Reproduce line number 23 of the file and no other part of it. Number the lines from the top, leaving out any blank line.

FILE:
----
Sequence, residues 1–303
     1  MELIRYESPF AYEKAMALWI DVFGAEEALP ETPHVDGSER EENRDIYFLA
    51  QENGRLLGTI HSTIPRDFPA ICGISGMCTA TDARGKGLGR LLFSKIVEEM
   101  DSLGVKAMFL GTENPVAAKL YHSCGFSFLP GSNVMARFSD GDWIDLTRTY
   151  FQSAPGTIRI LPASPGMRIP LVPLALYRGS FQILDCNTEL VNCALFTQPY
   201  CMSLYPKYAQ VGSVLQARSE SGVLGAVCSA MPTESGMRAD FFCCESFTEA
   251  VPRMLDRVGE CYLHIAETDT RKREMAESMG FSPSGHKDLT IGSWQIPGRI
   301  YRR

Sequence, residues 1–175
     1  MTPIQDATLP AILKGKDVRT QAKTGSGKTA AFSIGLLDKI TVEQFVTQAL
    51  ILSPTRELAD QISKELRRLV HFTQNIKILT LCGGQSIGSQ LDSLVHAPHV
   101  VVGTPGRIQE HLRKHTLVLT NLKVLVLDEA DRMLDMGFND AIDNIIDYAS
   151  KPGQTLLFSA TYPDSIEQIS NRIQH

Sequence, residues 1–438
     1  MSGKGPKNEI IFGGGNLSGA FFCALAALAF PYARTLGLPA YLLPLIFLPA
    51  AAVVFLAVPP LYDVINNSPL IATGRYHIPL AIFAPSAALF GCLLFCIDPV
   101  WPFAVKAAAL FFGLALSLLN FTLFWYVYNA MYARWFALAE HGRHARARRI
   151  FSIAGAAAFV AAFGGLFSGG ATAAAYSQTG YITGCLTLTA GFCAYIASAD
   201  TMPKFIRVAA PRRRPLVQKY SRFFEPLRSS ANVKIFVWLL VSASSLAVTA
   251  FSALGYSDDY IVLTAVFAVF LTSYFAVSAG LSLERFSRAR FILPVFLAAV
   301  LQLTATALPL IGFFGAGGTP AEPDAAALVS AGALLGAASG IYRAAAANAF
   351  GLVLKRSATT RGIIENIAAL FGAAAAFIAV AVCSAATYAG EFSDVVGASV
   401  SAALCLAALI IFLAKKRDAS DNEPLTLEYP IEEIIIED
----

   401  SAALCLAALI IFLAKKRDAS DNEPLTLEYP IEEIIIED